ROX: One-to-watch in 2010

Roxanne Tataei’s musical journey began in church, encouraged by the choirmaster (“He’d make me go at the forefront [to sing] every week and I’d be shaking… It was the best thing that he could have done”).  Primary school performances soon led to tours around England with the National Youth Music Theatre, which she describes as a “grounding” experience, before putting it all to the side in favour of writing her own music and experimenting with sounds.

Following an extended trip to Mexico she formed an acoustic jazz trio and gigged around London, which brought the A&Rs her way.  Then last year, in stepped Rough Trade records and ROX‘s solo quest began.  “I’ve always sort of known I wanted to do music,” the half Iranian, half Jamaican South Londoner tells me.  “I just didn’t know what I wanted to do in it.  As I got to 16 I was like, ‘I wanna be a singer songwriter’, and I went with it from there.”

2009 has been a pivotal year in the 21 year old’s career: namely consisting of the intense process of writing and recording her debut album, Memoirs, in London and New York with some priceless media endorsements inbetween.  In her words, the year has been about “showing people that I’m here and I’m ready to do my thing.”

Luckily for her, all the right people already seem to know.

As the year draws to a close, ROX already has a bagful of accolades and co-signs; from performing on Later… With Jools Holland (“I watched since I was really young and I said to myself, ‘I’m gonna be on that show’ and when it finally came I didn’t really know what to do… and Annie Lennox was bubbling to my tune, it was really weird!”) to touring with Mark Ronson and being favourably ranked on endless 2010 breakout artist lists.

The most promising of these features include the BBC’s Sound of 2010, the Guardian’s New Band Of The Day and MTV’s 10 for 2010. And all she’s released so far is a limited edition 7”, “No Going Back”.

“I’m getting so much support from people and it’s so lovely to have,” she gushes, “because when you’re making it you never know what’s gonna happen.  Everyone around you telling you it’s great – your family love it – but you never know what’s gonna happen when you release your baby.”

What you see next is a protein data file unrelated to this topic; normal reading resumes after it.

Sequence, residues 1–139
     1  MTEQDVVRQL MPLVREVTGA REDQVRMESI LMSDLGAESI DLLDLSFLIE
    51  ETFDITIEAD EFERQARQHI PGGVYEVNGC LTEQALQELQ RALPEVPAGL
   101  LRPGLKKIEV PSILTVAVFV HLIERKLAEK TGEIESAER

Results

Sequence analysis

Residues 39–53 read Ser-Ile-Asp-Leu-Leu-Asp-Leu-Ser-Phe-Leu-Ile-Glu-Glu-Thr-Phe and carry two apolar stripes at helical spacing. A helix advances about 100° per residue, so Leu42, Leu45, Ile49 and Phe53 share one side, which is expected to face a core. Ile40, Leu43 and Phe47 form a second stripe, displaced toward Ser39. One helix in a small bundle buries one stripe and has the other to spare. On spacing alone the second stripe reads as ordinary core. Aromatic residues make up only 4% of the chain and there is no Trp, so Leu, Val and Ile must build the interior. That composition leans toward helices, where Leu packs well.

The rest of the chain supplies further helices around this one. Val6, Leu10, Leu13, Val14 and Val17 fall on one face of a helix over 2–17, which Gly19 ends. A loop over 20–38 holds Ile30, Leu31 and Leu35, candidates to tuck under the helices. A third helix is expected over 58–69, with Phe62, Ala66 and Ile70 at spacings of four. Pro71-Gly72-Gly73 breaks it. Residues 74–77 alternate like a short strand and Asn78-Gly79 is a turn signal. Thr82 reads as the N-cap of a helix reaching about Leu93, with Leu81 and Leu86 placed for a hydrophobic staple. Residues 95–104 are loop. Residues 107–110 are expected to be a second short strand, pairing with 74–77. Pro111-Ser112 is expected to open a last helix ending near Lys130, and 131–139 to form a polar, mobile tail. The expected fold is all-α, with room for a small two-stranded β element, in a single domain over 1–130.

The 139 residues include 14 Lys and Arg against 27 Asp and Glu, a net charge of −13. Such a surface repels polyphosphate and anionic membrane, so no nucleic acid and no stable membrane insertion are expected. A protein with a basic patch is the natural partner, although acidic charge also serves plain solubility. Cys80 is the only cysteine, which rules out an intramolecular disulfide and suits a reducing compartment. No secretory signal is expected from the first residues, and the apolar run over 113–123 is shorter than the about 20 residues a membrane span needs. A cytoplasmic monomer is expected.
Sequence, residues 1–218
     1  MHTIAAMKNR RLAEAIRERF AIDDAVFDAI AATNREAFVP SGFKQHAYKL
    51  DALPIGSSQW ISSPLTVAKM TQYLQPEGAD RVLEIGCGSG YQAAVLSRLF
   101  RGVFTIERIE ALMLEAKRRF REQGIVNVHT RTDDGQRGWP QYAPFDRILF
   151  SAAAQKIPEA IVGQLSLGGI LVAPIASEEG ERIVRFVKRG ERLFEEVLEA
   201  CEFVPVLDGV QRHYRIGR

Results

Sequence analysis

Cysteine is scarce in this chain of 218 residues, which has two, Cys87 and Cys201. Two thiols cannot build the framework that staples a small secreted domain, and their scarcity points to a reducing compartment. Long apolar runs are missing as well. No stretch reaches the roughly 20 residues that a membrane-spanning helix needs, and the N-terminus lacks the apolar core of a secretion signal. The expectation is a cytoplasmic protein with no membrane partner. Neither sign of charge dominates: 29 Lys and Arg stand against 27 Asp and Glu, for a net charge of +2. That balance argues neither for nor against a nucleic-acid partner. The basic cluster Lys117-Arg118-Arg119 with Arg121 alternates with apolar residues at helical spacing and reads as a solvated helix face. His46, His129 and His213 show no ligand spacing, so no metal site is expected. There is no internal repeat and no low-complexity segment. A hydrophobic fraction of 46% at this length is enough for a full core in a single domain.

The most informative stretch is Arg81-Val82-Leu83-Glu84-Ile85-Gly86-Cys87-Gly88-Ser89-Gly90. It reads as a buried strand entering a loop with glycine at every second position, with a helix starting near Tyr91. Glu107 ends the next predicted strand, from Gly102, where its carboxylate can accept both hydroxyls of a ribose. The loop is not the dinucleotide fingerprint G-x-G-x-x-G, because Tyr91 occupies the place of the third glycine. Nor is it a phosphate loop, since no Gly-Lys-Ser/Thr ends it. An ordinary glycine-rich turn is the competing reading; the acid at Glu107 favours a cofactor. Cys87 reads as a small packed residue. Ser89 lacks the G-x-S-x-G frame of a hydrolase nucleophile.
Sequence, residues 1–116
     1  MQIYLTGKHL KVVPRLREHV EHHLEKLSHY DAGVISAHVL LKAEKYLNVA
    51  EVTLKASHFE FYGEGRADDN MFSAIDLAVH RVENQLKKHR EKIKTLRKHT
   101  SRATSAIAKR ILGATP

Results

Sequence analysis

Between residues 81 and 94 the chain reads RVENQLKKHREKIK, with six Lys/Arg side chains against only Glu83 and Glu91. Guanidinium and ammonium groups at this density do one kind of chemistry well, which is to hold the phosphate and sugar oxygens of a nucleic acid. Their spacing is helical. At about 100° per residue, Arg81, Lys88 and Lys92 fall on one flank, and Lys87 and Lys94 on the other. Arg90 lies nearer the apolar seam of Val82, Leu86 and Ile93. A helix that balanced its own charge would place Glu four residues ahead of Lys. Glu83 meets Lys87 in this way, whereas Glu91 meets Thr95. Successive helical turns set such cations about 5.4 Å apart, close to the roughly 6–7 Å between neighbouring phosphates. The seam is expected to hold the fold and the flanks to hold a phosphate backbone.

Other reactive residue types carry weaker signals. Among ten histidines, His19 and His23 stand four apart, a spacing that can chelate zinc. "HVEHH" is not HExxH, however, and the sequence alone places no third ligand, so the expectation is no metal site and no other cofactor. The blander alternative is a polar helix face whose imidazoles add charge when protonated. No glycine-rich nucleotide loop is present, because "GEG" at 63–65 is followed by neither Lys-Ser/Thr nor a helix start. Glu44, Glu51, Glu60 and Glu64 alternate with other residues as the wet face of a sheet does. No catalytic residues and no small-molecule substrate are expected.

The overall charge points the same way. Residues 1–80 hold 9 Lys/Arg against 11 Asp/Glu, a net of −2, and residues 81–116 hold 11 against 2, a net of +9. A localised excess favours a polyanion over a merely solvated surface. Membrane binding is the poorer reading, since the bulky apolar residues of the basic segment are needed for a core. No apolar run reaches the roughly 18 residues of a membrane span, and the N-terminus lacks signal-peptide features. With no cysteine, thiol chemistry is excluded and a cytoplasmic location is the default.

Due in Spring 2010, Memoirs was produced partly in New Jersey by Commissioner Gordon [Miseducation of Lauryn Hill, Amy Winehouse – Frank] and the rest in London by Al Shux, hailed for his work on Jay-Z’s Blueprint 3 anthem, “Empire State Of Mind” and “High Definition” on Lupe Fiasco‘s sophomore album.

The album was written over a period of two years chronicling a romantic rollercoaster of emotion.  “I’ve been through a bit of heartache, leaving someone, then I found my new love… I just hope for people to connect with it,” she says.  From the sounds of it, we can expect a variety of influences on the record with songs that dance across several genres – some “full of screeching organs and gospel choruses” with others more “stripped down and delicate… vulnerable in some ways”.  She adds, “I hope it takes people on the journey that I went on.”

Citing her four staple musical influences as Lauryn Hill, Sade, Joni Mitchell and Mary J Blige, her listening highlights of the past decade have included Q-Tip (“The Renaissance is one of the best hip hop albums I’ve heard in a while”), Common and John Mayer.  ROX’s taste in music swoops above and beyond one or two obvious genres – as does the music she makes: “I was fortunate enough to be brought up with such a vast musical knowledge,” she explains.  “I went to church and I got with gospel, country music, then to reggae, to hip hop, to folk music – and as long as I can reflect that in my music, you can call me what you want.”

She’s referring to lazy comparisons to artists she doesn’t particularly resemble.  “I can’t count how many times I’ve been referred to Amy Winehouse or Duffy.  I’m not offended by that because Amy’s amazing at what she does – but she didn’t create soul and I think that’s the important thing to remember,” she says, smiling.

“I think whatever you do you’re always going to be pigeonholed – whether you’re black, you’re white, you’re Indian or whatever.  What I try to do is focus less upon that and focus on myself.  I don’t believe I make black music, I don’t think I make white music, I think I make my music.”

Rox is set to release her debut album, Memoirs, in Spring 2010 on Rough Trade. She performs live at Dingwalls, London on January 26th 2010 [click for tickets + info].

ROX online: / / @thisisROX / FaceBook

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